Clarke: The mortgage deduction was decreased from $1 million dollars to $750,000, although existing debt is grandfathered. And the deduction for home equity loans is generally being removed, but with some exceptions. If the home equity line of credit is used to make substantial improvements to the current home, and the combined total of the first mortgage and the HELOC stays below $750,000, the deduction should still apply. But it eliminates the ability for individuals to tap into their home equity for other uses and still get a deduction. From a financial planning perspective, it just brings another level of consideration to the table. With interest rates having been at all-time lows and home equity debt a deductible expense, utilizing HELOCs for non-home-related expenses has been quite common and often the best financial decision. With this tax-law change, coupled with rising interest rates, we are likely to see that change.

CPBJ: Are there businesses who were expecting to do better who might not in the end?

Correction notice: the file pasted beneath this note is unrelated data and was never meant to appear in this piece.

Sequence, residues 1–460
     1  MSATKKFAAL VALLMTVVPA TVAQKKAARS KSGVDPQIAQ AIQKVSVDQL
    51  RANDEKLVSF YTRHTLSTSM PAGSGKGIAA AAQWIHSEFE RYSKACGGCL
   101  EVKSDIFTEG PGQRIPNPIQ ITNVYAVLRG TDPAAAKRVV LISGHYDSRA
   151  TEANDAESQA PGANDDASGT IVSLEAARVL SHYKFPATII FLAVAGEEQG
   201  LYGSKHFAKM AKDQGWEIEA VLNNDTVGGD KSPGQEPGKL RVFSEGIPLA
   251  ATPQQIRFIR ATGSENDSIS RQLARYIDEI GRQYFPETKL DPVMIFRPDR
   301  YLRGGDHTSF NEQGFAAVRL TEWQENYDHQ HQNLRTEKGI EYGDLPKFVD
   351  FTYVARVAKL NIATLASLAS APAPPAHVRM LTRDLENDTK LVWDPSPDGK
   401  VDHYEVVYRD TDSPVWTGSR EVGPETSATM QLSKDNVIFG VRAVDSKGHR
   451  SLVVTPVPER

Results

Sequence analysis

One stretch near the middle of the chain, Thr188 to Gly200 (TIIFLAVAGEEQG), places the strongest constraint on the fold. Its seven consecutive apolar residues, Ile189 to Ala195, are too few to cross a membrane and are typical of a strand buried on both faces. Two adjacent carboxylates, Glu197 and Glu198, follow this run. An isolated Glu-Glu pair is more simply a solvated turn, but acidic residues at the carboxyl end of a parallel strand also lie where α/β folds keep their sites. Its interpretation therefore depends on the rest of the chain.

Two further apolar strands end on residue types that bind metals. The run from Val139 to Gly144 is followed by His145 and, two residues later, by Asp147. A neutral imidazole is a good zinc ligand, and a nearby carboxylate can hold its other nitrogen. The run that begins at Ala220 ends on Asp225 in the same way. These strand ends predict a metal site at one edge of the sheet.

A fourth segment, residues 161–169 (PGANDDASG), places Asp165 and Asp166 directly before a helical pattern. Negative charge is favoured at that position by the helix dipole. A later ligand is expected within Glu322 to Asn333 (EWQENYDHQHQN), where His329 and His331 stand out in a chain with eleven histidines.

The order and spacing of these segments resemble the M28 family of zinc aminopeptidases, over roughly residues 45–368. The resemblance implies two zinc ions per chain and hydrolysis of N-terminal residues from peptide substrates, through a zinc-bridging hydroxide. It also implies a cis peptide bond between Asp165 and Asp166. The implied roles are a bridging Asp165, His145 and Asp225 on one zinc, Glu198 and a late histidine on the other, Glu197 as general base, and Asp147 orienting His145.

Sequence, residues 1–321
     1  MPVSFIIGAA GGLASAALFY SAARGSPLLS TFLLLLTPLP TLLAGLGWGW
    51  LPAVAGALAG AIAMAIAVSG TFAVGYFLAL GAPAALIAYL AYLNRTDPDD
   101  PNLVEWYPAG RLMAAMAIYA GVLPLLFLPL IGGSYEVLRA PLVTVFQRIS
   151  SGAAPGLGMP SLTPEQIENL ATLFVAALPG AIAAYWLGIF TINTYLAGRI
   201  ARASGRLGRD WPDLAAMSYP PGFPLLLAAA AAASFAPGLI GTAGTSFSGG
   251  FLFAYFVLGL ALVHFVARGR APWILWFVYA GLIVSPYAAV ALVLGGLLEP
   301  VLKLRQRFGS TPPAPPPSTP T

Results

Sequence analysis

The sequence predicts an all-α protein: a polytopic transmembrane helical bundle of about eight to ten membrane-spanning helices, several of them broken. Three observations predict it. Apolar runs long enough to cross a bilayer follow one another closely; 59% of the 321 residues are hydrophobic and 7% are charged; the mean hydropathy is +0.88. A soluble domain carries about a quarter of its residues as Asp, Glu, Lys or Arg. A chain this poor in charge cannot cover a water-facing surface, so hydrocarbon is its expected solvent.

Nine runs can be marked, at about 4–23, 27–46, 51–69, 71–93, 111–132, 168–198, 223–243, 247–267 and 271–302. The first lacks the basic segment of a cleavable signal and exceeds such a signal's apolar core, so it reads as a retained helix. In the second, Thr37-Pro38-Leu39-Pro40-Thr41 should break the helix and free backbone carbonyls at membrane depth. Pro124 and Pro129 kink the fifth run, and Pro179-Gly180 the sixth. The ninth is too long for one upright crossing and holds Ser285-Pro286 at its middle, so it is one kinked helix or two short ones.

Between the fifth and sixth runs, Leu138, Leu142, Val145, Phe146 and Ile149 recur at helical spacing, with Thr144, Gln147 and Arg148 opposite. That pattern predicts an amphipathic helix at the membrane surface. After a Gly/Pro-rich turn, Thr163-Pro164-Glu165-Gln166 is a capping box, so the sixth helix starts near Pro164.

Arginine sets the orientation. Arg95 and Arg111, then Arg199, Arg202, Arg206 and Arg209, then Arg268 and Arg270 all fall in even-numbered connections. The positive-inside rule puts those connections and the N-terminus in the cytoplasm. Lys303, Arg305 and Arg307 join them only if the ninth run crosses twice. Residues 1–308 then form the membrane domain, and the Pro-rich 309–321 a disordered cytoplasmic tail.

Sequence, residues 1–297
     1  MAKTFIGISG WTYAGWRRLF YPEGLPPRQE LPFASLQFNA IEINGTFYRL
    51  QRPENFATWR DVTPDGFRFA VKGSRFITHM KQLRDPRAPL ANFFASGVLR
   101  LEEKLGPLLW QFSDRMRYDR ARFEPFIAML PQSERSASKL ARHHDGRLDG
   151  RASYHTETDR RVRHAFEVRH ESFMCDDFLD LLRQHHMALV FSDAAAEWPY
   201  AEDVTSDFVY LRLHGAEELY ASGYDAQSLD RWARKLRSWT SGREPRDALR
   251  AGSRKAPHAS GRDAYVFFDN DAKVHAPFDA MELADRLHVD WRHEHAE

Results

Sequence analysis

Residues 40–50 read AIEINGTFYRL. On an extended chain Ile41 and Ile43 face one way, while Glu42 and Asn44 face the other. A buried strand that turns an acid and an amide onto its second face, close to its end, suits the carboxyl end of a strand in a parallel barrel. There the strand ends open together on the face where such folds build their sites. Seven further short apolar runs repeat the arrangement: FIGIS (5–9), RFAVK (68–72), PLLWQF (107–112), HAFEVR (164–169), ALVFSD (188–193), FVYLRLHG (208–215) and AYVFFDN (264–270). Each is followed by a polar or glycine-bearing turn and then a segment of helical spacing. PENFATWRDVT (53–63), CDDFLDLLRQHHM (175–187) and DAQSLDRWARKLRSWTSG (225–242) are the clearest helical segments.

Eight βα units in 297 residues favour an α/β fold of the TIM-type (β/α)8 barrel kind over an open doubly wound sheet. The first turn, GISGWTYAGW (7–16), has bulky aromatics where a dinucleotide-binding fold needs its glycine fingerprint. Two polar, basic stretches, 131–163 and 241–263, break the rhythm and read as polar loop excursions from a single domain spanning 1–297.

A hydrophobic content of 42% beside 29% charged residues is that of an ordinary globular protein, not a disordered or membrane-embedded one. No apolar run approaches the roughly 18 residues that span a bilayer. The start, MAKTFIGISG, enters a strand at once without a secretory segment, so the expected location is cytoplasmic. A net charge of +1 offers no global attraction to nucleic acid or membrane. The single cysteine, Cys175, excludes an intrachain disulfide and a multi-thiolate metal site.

Bauccio: If you had to find a loser in the tax bill, it would be service providers that do not get that 20 percent deduction. But we’re already hearing from service providers that own ancillary businesses that would otherwise qualify for the deduction. They are considering bifurcating those two lines of business into two separate entities so at least one line of business gets the deduction. A service provider that owns real estate, for example, could spin off the real estate into a separate LLC and then charge the service company rent.

Mullin: Some people might not realize quite the tax decrease that others do. But overall everyone is going to realize a tax decrease,

CPBJ: What kind of questions do you hear most from clients?

Mullin: People are asking about restructuring. Should I do it now? They’re all anxious to have the right structure to take advantage of the tax benefits in the law.